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Epic sues to stop Google from removing Bandcamp from the Play Store

Epic Games has been battling the two most popular stores for smartphone apps. The latest contention in court is that Google should not kick Bandcamp off the Play Store after the Android OS owner updated its in-app payment policies.

Bandcamp, which Epic recently acquired, has been using its own payment system in its independent music store on Android. This was because of an exception to Google’s Play Store rules that allows digital music stores to bypass Google’s billing system. However, Google has now modified its terms to compel Bandcamp and similar apps to use the platform’s billing system. The implication is that Google will take a cut of the revenue coming to Bandcamp.

Google has given Bandcamp until June 1st to comply with the new rules.

Epic, which is not new to suing over app store policies, argues that the fee introduced by Google would make it impossible to continue offering creators 82 percent of their earnings, a big draw of the platform. Google is asking for 10 percent, apparently offering Bandcamp a special deal instead of 30 percent, but Epic still feels it is too much.

The company said Bandcamp would have to choose between making customers pay the extra, cutting artistes’ money, operating on Android at a loss, or stopping sales on Android. None of the options are palatable to Epic.

Epic also argues that Google’s new policy will make creators wait longer for their money. Bandcamp pays the artists between 24 and 48 hours of making a sale, but with Google in the picture, the waiting time is extended to between 15 and 45 days.

According to Epic, Google hides behind a supposed clarification it made in September 2020. Bandcamp is not the only company affected, as Barnes & Noble has stopped selling digital books through its Android app. Similarly, Audible no longer accepts payments with cards on Android to dodge Android’s new tax.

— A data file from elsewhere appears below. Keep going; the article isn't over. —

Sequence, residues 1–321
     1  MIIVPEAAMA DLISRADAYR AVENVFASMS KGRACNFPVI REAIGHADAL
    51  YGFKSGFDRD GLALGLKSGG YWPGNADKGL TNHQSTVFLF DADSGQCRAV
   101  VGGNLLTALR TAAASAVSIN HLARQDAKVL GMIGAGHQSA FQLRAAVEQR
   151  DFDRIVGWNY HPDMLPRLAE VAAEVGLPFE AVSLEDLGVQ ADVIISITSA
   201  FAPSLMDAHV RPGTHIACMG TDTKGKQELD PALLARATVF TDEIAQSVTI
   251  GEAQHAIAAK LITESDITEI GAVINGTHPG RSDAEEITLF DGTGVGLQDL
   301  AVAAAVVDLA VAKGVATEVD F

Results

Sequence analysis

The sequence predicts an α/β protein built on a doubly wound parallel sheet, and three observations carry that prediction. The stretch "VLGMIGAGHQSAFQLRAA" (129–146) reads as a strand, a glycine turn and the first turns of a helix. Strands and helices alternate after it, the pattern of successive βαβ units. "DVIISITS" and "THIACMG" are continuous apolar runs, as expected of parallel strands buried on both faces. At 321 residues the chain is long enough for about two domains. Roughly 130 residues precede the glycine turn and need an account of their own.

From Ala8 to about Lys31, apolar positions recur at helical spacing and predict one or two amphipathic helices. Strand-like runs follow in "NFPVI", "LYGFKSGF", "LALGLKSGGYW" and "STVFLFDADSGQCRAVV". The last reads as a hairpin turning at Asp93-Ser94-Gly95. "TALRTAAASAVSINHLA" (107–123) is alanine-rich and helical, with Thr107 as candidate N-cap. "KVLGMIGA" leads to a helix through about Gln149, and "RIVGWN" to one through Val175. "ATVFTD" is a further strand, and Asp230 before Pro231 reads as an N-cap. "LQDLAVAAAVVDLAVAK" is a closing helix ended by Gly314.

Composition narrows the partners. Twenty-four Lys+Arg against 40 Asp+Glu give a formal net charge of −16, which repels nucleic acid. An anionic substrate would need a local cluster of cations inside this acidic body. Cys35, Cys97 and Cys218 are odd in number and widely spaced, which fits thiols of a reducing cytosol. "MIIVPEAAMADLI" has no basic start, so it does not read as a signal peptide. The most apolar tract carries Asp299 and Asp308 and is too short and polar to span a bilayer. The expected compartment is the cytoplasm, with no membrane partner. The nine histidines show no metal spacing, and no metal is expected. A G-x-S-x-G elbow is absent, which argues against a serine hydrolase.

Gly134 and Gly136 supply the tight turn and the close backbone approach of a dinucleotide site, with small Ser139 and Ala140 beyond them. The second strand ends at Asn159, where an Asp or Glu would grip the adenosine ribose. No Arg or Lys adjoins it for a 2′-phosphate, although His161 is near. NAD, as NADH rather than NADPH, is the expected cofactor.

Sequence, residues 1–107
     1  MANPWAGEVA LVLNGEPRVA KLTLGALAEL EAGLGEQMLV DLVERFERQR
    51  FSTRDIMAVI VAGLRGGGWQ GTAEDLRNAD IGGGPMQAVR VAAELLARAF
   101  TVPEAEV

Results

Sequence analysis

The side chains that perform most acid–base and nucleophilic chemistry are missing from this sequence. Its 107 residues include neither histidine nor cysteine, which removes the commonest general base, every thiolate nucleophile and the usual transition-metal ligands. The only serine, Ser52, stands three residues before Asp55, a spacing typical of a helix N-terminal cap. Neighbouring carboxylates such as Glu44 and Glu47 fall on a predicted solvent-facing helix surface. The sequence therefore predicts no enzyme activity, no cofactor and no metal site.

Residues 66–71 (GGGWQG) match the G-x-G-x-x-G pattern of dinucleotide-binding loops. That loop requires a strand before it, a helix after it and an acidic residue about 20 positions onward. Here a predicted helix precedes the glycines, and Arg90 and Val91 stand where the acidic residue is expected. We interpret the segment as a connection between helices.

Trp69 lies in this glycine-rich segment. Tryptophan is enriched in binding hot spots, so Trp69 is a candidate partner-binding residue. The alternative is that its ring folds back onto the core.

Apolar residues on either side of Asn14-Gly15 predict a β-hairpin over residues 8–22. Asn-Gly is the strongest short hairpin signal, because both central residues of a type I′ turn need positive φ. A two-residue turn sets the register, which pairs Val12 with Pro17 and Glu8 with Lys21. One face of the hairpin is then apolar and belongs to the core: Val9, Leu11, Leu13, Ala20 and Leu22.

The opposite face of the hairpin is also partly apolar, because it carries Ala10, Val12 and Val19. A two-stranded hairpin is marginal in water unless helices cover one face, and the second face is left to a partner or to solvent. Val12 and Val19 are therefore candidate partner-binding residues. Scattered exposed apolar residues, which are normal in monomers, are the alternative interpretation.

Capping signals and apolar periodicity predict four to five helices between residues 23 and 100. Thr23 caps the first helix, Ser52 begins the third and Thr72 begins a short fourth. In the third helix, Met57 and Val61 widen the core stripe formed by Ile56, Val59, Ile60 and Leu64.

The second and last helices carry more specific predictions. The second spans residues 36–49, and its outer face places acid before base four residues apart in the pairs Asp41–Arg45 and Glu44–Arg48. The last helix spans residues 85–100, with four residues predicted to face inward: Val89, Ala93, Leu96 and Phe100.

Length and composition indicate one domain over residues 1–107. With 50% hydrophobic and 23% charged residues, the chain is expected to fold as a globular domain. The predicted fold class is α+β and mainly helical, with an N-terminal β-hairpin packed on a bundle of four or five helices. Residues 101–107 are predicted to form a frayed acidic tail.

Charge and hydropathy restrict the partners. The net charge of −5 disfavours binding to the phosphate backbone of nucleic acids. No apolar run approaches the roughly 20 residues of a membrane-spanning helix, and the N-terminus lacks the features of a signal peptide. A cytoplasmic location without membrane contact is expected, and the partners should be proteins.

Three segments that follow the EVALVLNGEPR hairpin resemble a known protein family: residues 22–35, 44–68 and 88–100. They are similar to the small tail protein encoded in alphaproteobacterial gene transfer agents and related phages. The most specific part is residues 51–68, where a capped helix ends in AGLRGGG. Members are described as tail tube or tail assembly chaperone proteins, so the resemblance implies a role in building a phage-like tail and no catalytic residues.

In the filing, Epic invoked a similar argument to Apple’s last year. The game publisher claims that setting up the infrastructure to integrate Google’s new policies will take too many resources. Bandcamp works with PayPal. However, the argument appears weak in Epic’s case because Google had made the announcement more than a year ago, which is arguably enough time to comply with the new policy.

According to Ethan Diamond, Bandcamp co-founder and CEO, the lawsuit’s purpose is to force Google to let the platform continue as it functions. “Bandcamp’s mission is to help spread the healing power of music by building a community where artists thrive through the direct support of their fans and where fans gather to explore the amazing musical universe that their direct support helps create. That community now consists of over 500,000 independent artists and 11,000 independent labels who rely on the support of the millions of music fans on Bandcamp to fund their next record, buy groceries, or pay their rent, mortgage, or utility bill. We believe it’s imperative for fans to be able to express that critical support on Android, and so to stop Google from implementing these new policies for Bandcamp and other developers, Epic is filing a motion to seek a court injunction allowing Bandcamp to continue operating as we have.”

Written by HackerVibes

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